Secondly, leaders in Catholic education must address the human resource challenge. This should happen in two ways. The first, and by far the most important, is to recruit and select for mission. A school’s Catholic character depends, most basically, on the faith and witness of the members of the school community, most notably the teachers and administrators. Schools must find candidates with academic ability and teaching skill and credentials, but not at the expense of faith, character, and the potential to serve as an efficacious Gospel witness to children. This is true for teachers in all disciplines and at all levels. Mission must be a top criteria when hiring! Schools that ignore this in the hiring process (and unfortunately many do), will struggle mightily to maintain a vibrant, shared Catholic identity.
Some dioceses have a policy in which the first few questions in all job interviews are about Catholic mission, and if the candidate cannot answer satisfactorily it is a deal breaker. Such policies should be studied and adopted more widely. Not every teacher needs to be Catholic, but every teacher must support and seek to advance the central Catholic mission of the school. Without unity behind the mission, schools will be plagued by a diffuse culture or a culture in direct conflict with the school’s professed purpose.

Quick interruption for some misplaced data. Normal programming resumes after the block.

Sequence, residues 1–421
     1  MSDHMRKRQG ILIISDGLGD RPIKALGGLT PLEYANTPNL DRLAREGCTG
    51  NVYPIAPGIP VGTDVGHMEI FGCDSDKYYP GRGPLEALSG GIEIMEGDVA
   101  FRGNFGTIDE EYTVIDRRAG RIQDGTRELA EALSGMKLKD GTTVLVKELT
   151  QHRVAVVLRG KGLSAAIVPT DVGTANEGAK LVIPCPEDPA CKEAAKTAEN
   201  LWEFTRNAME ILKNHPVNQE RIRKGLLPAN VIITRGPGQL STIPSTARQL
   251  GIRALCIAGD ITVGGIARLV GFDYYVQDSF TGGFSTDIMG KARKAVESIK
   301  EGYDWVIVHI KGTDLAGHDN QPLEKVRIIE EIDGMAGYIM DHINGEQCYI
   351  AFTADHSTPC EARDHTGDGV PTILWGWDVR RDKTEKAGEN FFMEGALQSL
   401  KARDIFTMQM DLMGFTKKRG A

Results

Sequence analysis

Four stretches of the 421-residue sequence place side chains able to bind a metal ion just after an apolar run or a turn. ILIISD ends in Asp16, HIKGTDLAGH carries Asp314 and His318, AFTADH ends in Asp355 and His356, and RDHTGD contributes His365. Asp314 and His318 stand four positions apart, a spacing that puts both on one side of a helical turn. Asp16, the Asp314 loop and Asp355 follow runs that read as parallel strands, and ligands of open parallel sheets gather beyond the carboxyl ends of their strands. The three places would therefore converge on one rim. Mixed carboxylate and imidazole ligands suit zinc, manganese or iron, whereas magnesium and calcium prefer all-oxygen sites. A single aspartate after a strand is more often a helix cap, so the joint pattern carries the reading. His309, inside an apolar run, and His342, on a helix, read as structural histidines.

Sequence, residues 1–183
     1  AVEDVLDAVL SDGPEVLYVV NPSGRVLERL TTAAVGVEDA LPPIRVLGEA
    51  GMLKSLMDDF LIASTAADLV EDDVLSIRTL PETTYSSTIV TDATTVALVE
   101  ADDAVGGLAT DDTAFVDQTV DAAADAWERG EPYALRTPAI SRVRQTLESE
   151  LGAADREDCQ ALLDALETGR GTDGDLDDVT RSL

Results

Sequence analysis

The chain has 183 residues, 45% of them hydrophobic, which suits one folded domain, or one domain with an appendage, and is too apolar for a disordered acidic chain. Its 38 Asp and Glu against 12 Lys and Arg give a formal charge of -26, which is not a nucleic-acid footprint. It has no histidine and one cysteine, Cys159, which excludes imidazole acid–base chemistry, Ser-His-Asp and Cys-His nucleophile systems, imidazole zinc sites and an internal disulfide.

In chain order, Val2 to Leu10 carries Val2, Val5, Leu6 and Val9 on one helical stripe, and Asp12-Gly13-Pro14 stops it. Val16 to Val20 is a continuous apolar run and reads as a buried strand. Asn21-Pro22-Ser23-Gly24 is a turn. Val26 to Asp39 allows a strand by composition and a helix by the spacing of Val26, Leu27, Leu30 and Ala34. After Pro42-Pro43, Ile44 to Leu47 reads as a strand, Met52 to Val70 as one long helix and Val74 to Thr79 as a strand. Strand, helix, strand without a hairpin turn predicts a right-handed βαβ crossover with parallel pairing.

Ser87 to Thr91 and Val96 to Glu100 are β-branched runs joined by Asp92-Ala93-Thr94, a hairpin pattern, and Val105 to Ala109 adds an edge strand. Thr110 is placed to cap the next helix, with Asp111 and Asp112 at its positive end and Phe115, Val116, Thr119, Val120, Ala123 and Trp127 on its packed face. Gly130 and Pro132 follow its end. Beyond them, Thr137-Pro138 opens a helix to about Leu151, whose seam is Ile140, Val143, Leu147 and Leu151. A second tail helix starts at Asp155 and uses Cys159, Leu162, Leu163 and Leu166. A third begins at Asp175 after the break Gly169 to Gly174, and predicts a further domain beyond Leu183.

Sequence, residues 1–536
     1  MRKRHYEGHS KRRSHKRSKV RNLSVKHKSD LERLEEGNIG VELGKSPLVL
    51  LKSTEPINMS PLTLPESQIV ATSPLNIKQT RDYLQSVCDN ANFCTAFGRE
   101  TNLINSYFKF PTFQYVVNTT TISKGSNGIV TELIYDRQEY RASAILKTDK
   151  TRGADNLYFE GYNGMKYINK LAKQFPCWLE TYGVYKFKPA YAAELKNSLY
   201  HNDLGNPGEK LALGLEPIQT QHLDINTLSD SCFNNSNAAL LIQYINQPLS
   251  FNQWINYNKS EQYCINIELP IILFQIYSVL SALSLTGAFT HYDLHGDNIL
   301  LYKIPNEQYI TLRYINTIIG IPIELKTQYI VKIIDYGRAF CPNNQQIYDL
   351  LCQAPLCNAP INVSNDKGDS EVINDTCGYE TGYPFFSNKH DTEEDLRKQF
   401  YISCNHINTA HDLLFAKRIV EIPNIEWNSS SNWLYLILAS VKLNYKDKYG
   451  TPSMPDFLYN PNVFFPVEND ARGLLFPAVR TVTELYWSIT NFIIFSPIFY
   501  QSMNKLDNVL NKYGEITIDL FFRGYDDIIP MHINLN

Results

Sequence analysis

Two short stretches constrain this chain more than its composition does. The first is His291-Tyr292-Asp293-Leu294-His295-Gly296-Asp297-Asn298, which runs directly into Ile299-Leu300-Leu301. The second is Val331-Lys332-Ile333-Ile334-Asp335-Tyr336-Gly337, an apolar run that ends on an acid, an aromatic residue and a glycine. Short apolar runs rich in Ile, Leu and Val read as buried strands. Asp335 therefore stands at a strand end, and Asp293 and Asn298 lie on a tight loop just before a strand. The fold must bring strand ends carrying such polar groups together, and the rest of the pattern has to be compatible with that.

The recent Cardus study cited above suggests that too often academic goals are being prioritized over mission. It should not be an either/or – for the cultivation of the mind and human reason flow naturally from an authentic Catholic mission. Catholic education is about faith and reason, faith and culture, the mind and the heart. Both must be present. It is essential that teachers – at least implicitly – understand this connection between the cultivation of the mind and our human capacity for the infinite, for Truth, and for God. Many see their teaching of subjects other than religion as an essentially secular affair, as a profession and not a ministry. This is a major concern. Reviewing hiring practices is a critical first step to addressing it.